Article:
Saudi newspapers have reported that pilgrims joining this year's Hajj will have to wear an electronic safety bracelet. Last year, more than 2,000 people died in a stampede during the religious festival.
The high-tech safety measure will help authorities provide care "and identify people" the Arab News and Saudi Gazette reported Friday.
Water-resistant and connected to GPS, the devices will also instruct worshippers on timings of prayers and provide access to a multi-lingual help desk to guide especially non-Arabic speaking pilgrims around the various rituals of the annual Islamic event in Mecca.
The new plans are part of a major safety drive following the deadliest disaster in a generation during last year's Hajj pilgrimage.
As many as 2,070 people died in a crush when thousands of pilgrims converged on a walkway intersection near the Muslim holy city of Mecca last September. The number of bodies repatriated to foreign countries did not correlate with the Saudi official figures, which totaled 700.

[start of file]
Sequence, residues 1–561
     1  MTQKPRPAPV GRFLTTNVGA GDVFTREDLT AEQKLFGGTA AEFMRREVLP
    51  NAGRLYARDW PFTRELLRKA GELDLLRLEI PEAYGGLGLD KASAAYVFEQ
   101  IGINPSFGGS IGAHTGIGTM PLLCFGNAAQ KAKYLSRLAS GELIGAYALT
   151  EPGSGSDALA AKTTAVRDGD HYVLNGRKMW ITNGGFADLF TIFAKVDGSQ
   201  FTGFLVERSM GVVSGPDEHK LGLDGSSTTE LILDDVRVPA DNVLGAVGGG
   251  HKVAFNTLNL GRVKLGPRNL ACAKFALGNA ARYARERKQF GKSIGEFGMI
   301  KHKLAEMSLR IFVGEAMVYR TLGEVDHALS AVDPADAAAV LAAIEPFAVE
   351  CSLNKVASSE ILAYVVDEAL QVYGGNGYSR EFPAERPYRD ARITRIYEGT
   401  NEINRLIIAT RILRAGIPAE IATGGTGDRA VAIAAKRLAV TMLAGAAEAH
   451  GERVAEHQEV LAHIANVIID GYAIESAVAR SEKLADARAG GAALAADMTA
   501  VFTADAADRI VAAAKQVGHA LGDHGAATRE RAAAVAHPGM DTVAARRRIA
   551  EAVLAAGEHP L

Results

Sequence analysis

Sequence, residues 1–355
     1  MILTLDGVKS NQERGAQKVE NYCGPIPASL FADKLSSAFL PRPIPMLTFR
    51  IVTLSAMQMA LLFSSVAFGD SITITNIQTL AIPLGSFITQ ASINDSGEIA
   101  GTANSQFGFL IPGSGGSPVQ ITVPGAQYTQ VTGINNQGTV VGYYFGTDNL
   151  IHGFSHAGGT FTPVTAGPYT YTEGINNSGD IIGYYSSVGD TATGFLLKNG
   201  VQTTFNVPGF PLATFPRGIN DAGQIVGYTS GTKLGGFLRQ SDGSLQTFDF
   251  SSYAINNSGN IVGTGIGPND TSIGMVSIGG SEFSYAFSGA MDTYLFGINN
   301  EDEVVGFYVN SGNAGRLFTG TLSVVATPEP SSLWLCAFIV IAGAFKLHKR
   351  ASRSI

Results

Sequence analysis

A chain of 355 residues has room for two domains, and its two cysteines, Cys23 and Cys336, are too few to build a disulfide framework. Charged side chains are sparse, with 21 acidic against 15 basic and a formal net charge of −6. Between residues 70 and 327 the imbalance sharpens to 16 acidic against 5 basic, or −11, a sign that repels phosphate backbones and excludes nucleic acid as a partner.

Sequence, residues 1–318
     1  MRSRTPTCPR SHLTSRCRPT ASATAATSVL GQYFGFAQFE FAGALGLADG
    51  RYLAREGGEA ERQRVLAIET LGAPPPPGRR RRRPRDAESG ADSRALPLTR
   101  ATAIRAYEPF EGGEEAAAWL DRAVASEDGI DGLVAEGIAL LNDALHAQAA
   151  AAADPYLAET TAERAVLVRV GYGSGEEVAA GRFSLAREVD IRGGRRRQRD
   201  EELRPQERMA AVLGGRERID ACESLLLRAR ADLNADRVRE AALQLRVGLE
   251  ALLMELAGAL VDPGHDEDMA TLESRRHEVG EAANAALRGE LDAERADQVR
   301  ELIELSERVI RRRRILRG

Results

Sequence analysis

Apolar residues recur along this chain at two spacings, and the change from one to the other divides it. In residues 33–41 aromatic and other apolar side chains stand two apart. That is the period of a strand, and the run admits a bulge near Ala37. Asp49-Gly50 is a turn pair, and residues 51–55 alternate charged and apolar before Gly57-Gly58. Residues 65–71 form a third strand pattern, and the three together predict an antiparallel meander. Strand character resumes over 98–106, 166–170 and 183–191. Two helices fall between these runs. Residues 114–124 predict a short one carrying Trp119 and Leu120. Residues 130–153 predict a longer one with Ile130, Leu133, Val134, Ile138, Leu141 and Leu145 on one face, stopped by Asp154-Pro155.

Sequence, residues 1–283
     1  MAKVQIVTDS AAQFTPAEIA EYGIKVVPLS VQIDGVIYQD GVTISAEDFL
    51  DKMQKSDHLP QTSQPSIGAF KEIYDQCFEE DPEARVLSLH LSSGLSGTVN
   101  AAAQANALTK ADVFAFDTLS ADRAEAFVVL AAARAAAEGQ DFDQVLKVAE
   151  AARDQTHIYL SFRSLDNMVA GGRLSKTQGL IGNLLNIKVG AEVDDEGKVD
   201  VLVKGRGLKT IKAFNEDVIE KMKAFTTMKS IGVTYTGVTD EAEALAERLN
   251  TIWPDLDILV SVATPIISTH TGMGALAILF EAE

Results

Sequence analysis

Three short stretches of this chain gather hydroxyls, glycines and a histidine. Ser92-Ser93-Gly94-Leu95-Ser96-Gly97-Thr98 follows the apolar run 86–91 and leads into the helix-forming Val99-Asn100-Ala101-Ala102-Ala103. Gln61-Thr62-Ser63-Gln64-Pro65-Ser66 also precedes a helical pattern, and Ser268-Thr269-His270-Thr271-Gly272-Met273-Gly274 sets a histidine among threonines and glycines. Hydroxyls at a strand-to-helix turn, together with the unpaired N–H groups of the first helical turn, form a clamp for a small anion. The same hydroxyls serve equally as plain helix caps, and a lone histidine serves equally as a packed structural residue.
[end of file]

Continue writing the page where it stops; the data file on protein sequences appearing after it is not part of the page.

The tragedy happened as pilgrims made their way in searing temperatures to the Jamarat, the place where they ritually stone the devil in the city of Mina in western Saudi Arabia.
The new security measures also include nearly a thousand new surveillance cameras, which were installed last month at Islam's holiest site, the Grand Mosque in Mecca.
More than 2 million Muslims make the annual pilgrimage to Mecca despite a worsening security situation for several years that has seen deadly stampedes, fires and riots.
Despite the launch of an interior ministry investigation into last year's tragedy, there has been no word on its findings. Saudi officials faced international condemnation over a lack of emergency preparedness.
The tragedy led to a war of words between Saudi Arabia and Iran after 464 Iranians died in the crush.
mm/jm (AFP, Reuters)